Wednesday, 3 August 2016

Day 8: Specialist Study Day & The British Council

Today at LIYSF 2016, we spent the entire day with particular specialists from different fields of science. I chose to hear Professor Clare Elwell speak about her work on near-infrared spectroscopy (NIRS) and how it applies to brain imaging. Professor Elwell was a student herself at LIYSF thirty two years ago! Now, she is a professor in Medical Physics at the University College London. A talk at LIYSF thirty two years ago opened her eyes to the area of medical phsyics and helped shape the beginning of her career.   
Before the specialist study day began, I went for a light morning jog through Kensington Gardens with Grace and Sophie from New Zealand. Here is Kensington Palace, the official residence of William and Kate (and little George and Charlotte, too!) as well as Prince Harry and a few others.
Here is the panel of speakers ready to introduce themselves. Although each specialist introduced themselves at the beginning, we split into our individual groups shortly after for a smaller group session with just one of the specialists.
Professor Elwell presented a few graphs produced by using near-infrared spectroscopy (NIRS) as a brain imaging technique for infants. First, infants were shown inanimate objects on a screen, such as a train. During this time no strong response was picked up by the NIRS probes. However, when the screen changed to have a person playing itsy-bitsy spider, the attention of infants at low risk of autism spiked (the red upside down U-shape on the left graph), while it did not in the case of children with high risk of autism. This doesn't give you a definitive diagnosis of autism, but rather reveals a higher risk of the condition. Children at low risk for autism usually display this increase in attention when they recognize a human.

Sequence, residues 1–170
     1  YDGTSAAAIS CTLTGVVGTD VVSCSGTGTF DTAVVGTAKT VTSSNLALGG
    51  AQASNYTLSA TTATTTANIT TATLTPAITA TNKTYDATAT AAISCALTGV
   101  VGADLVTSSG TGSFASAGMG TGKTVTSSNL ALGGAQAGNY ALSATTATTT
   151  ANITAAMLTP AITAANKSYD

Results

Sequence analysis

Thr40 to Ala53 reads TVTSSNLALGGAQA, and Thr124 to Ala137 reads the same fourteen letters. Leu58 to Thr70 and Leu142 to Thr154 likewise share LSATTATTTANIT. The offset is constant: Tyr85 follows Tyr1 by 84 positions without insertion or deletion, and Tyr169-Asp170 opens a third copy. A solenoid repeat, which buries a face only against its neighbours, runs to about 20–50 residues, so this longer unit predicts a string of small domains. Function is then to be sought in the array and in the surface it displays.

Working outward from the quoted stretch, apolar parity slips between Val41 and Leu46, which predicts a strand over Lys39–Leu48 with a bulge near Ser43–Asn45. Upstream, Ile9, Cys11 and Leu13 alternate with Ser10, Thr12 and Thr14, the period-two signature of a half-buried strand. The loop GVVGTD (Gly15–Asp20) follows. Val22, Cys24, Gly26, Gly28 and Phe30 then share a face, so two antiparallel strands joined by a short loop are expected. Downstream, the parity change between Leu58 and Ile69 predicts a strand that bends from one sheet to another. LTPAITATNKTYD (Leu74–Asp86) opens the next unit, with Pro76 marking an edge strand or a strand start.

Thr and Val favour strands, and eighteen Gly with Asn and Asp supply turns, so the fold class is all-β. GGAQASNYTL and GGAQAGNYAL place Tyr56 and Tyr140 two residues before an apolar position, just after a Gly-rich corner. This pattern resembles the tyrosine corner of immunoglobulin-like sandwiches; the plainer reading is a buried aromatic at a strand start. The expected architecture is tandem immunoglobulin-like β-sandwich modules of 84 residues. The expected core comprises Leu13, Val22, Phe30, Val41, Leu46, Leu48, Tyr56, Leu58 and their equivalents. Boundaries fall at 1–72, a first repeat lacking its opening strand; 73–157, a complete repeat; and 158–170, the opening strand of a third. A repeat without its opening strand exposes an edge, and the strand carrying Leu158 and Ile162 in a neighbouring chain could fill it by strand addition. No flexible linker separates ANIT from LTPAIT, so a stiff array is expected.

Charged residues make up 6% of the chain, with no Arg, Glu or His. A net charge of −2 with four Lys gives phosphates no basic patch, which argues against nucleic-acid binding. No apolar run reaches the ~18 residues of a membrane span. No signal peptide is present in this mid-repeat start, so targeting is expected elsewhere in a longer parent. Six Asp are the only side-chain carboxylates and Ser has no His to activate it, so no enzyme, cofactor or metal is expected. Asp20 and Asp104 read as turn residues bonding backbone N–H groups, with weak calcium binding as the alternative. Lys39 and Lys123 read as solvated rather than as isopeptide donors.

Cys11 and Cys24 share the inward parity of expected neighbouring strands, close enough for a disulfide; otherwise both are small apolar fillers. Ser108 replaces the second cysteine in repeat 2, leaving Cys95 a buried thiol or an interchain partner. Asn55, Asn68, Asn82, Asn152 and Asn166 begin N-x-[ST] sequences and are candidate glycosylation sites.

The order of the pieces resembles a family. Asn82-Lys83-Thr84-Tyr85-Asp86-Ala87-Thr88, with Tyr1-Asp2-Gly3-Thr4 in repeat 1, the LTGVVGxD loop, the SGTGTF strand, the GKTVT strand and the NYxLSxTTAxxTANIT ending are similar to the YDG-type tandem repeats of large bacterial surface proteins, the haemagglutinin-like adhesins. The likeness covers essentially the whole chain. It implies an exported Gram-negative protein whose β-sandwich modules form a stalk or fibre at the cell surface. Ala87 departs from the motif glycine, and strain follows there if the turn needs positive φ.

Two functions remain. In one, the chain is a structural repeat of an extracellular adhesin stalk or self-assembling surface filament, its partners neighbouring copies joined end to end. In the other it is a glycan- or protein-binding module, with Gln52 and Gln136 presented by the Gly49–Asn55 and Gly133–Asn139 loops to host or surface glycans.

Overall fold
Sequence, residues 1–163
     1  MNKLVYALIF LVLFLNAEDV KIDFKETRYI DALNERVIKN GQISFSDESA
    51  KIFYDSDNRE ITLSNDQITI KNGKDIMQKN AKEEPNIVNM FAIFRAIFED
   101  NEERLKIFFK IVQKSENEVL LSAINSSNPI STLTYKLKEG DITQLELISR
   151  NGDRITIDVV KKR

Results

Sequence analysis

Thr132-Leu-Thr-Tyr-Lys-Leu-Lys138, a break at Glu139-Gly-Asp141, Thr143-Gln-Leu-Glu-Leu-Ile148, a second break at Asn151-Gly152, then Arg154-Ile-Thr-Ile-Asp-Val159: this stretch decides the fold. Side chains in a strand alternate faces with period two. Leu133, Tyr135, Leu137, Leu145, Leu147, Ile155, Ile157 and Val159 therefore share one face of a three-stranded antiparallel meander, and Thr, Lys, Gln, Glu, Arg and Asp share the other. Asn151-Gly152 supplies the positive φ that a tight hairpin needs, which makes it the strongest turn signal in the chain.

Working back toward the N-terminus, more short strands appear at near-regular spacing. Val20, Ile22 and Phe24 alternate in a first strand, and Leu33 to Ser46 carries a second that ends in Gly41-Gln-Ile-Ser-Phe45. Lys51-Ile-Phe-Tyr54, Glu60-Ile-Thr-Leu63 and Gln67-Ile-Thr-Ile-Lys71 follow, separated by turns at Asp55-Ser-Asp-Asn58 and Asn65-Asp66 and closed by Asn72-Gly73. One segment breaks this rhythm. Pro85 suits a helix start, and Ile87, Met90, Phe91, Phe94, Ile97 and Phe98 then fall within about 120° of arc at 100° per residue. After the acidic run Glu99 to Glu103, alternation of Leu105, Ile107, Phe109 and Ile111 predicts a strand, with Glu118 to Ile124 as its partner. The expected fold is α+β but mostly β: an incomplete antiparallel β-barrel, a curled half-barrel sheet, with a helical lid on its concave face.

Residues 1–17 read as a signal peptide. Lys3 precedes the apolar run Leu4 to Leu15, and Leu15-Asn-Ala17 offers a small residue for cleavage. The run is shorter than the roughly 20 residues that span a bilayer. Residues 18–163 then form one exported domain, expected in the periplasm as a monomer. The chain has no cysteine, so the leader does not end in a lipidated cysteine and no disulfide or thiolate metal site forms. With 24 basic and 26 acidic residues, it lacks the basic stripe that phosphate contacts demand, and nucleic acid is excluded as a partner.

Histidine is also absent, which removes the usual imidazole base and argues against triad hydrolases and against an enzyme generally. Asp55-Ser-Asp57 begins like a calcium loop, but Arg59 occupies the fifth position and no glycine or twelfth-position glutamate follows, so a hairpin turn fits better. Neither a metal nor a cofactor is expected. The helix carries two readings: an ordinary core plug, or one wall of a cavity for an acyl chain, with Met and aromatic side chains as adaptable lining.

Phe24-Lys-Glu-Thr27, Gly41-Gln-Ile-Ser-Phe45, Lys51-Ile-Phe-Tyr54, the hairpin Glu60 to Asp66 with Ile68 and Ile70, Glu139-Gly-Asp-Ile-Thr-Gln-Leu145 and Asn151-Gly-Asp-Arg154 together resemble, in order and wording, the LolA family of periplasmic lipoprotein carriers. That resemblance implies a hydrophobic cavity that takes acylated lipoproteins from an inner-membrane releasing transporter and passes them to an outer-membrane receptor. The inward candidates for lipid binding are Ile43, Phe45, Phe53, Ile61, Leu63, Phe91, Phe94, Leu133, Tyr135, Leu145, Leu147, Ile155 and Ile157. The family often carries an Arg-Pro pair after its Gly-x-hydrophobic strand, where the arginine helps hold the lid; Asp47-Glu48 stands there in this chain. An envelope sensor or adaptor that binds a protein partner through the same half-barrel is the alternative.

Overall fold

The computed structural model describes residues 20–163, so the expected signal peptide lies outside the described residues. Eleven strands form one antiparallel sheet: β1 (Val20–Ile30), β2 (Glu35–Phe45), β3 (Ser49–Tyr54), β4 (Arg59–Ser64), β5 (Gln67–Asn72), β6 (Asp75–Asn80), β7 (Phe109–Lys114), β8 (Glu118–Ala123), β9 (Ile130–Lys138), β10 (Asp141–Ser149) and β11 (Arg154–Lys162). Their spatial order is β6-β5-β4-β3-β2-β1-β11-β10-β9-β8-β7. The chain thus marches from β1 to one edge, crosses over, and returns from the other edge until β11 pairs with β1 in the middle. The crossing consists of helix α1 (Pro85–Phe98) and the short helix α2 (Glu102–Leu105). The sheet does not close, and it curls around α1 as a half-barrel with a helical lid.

After our lecture, we had a few hours to put together a short presentation to summarize the lecture. This was quite the challenge, as we had around fifty people in our group! Three girls from Cyprus made the "brain imaging hats" to represent the real imaging cap with probes that Professor Elwell and her team use. We made posters to help narrate our story, and in the end, all fifty people had contributed in some way. I played a mother whose baby was about to have their brain imaged with NIRS!

Here is one of the creative groups in action presenting on the Subatomic Zoo of Elementary Particles.

After a day of lectures and presentations, we had a quick dinner before we headed back to the lecture hall for a session by the British Council. The three speakers described the work of the British Council and its role in science and education, and emphasized studying in the UK. Although I am staying put in Canada for at least another six to ten years, it was still interesting to hear about how the UK is investing in education and equipping both domestic and international students to succeed academically.

I wrote copious amounts of notes today, and I hope I have a moment to go through them soon. Tomorrow holds our full day visits to either Cambridge or Oxford, and I will be visiting Cambridge for the day. I am exited, although the 6am wake up may be a challenge!

- Vivienne

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